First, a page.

271 F2d 166 Hopkins v. Commissioner of Internal Revenue

271 F.2d 166

Cecil R. HOPKINS and Ruth O. Hopkins, Petitioners,
v.
COMMISSIONER OF INTERNAL REVENUE, Respondent.

No. 13791.

United States Court of Appeals Sixth Circuit.

Decided October 29, 1959.

John Y. Merrell, Washington, D. C., for petitioners.

Helen Ann Buckley, Washington, D. C. (Charles K. Rice, Asst. Atty. Gen., Lee A. Jackson, A. F. Prescott, Carter Bledsoe, Dept. of Justice, Washington, D. C., on the brief), for respondent.

Before MILLER, CECIL and WEICK, Circuit Judges.

PER CURIAM.

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1

The petitioner, Cecil R. Hopkins, hereinafter referred to as the taxpayer, was engaged in wholesale and retail selling of automotive parts, accessories and service. For the years 1943 through 1948, he knowingly made false income tax returns as a result of withholding from his books of account the business done with a number of customers and the failure to include in the income tax returns the income derived from such business.

2

On November 14, 1949, an internal revenue agent commenced checking the taxpayer's books, which were made available to him by the taxpayer. The taxpayer discussed the investigation with his accountant and thereafter employed a lawyer to represent him. The parties agreed upon a retainer fee of $15,000.00 and an additional fee of $15,000.00 in the event the case was disposed of without the taxpayer being required to serve time in the penitentiary.

3

The attorney advised the taxpayer to refuse to give further information to the revenue agent. The taxpayer did not follow this advice and decided to disclose fully all of the facts with respect to his income, so as to get the matter straightened out completely. Thereafter, the taxpayer and his attorney and his associate followed this course of procedure. Following disclosure by the taxpayer of the omitted income, a special agent from the Intelligence Unit was assigned to the case on January 16, 1950. On June 23, 1950, the special agent recommended that criminal proceedings be instituted against the taxpayer. The attorney and his associate continued to represent the taxpayer until September, 1950, when, at the request of the taxpayer, they withdrew from the case. On June 20, 1952, the taxpayer was indicted in the District Court for filing false and fraudulent income tax returns. He thereafter engaged other counsel to represent him in the criminal proceeding, to whom he paid a fee of $5,000. He entered a plea of guilty to two counts of the indictment and was sentenced to pay a fine of $10,000.00 on each of these counts.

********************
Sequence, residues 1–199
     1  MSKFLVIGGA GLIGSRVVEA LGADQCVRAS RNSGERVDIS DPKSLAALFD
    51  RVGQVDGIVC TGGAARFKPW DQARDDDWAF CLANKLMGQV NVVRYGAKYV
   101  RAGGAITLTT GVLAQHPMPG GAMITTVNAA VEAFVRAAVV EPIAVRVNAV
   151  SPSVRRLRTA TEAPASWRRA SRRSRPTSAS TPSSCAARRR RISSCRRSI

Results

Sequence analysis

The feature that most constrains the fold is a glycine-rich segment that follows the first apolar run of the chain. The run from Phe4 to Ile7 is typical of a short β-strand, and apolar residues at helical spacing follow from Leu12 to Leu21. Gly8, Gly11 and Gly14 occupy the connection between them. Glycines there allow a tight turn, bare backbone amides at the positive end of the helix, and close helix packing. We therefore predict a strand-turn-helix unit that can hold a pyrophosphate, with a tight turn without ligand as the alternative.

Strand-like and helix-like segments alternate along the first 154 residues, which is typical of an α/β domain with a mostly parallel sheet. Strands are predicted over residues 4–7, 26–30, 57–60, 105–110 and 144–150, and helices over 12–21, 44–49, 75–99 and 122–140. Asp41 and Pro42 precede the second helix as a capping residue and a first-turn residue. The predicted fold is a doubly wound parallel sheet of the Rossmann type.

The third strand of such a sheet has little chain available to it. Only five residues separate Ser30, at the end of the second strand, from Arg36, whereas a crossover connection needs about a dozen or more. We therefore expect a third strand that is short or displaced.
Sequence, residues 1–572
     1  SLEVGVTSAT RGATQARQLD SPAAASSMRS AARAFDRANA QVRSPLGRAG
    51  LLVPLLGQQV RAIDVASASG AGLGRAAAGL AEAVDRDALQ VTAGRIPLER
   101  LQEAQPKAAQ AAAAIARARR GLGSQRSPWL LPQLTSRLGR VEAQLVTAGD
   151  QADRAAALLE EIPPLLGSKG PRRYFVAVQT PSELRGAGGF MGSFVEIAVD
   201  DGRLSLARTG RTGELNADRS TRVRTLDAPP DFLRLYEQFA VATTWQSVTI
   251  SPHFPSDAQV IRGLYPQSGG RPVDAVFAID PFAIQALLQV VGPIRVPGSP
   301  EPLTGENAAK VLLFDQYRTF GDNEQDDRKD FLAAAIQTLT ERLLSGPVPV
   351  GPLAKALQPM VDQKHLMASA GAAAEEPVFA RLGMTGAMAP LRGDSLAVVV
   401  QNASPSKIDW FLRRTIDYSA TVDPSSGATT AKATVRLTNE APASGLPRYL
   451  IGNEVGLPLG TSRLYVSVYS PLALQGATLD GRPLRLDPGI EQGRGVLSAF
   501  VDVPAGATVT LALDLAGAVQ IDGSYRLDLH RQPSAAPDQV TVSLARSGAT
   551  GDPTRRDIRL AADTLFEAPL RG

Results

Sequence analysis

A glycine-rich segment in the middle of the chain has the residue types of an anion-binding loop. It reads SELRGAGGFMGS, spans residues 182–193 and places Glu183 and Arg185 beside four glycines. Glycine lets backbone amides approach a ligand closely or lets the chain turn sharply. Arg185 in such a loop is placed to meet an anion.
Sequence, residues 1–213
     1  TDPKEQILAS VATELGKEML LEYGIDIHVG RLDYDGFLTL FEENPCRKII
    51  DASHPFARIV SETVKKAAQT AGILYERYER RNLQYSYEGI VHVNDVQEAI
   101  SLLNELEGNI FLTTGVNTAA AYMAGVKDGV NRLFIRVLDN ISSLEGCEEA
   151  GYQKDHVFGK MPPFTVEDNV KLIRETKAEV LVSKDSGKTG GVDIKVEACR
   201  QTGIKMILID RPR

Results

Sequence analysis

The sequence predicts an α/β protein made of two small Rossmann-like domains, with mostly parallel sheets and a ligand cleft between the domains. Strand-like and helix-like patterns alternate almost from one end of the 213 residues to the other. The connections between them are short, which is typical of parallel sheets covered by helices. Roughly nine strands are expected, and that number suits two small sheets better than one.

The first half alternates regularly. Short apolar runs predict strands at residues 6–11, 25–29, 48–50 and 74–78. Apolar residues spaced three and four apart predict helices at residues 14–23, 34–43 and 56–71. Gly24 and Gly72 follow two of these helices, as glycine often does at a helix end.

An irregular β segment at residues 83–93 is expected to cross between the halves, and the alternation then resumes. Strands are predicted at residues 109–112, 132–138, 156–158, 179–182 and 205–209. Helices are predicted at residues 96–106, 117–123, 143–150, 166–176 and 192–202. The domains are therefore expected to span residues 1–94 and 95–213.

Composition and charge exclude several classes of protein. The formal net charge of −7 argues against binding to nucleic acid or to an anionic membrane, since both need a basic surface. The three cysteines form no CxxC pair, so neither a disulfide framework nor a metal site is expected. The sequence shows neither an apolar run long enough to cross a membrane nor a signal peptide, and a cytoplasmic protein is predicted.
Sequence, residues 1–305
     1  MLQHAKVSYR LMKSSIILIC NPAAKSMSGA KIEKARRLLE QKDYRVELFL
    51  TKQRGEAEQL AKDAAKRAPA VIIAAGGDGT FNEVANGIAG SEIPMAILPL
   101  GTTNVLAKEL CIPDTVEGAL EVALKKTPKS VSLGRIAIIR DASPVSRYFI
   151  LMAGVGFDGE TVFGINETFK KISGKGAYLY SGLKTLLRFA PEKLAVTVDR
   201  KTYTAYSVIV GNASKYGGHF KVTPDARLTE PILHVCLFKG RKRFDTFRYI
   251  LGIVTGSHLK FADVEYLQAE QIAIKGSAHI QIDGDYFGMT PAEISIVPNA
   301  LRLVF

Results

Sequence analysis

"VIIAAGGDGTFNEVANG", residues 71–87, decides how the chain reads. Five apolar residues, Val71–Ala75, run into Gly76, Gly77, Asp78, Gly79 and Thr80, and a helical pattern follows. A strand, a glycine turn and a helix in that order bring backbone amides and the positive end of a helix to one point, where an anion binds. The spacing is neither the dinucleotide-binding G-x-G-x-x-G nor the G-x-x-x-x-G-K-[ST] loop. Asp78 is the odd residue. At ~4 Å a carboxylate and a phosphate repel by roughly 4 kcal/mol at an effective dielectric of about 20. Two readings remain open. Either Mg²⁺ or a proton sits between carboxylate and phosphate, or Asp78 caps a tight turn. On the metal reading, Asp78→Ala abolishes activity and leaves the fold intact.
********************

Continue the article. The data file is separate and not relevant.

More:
4

Pending disposition of the criminal aspects of the case, the revenue agent proceeded with his investigation of the taxpayer's income tax liability and eventually made his report, proposing a deficiency in tax and a 50% addition thereto for fraud for each of the years 1943 through 1948. The taxpayer made periodic payments on his income tax liability and by December 2, 1954, he had paid $66,703.07, in full of such income tax liability and penalties.

5

In his income tax returns for 1949 and 1950 the taxpayer claimed as deductions the payments totaling $15,000.00 made in those years to his first attorney who represented him before the indictment was returned. He did not claim a deduction for the $5,000.00 fee paid to the attorney who represented him in the criminal proceeding. The Commissioner disallowed the claimed deduction for legal fees paid to the first attorney. The Tax Court sustained the Commissioner.